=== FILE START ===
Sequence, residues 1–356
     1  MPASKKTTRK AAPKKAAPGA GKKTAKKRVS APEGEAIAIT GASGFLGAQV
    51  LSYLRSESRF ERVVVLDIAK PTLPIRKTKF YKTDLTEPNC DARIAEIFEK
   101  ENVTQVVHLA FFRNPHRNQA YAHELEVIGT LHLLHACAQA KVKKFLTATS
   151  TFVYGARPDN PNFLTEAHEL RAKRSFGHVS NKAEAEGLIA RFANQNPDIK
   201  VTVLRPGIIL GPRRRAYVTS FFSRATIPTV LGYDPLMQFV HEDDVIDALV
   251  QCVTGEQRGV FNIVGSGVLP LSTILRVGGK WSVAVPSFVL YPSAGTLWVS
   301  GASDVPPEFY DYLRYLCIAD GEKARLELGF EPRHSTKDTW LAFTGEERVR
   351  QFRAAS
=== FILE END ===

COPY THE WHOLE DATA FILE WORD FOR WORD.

Sequence, residues 1–356
     1  MPASKKTTRK AAPKKAAPGA GKKTAKKRVS APEGEAIAIT GASGFLGAQV
    51  LSYLRSESRF ERVVVLDIAK PTLPIRKTKF YKTDLTEPNC DARIAEIFEK
   101  ENVTQVVHLA FFRNPHRNQA YAHELEVIGT LHLLHACAQA KVKKFLTATS
   151  TFVYGARPDN PNFLTEAHEL RAKRSFGHVS NKAEAEGLIA RFANQNPDIK
   201  VTVLRPGIIL GPRRRAYVTS FFSRATIPTV LGYDPLMQFV HEDDVIDALV
   251  QCVTGEQRGV FNIVGSGVLP LSTILRVGGK WSVAVPSFVL YPSAGTLWVS
   301  GASDVPPEFY DYLRYLCIAD GEKARLELGF EPRHSTKDTW LAFTGEERVR
   351  QFRAAS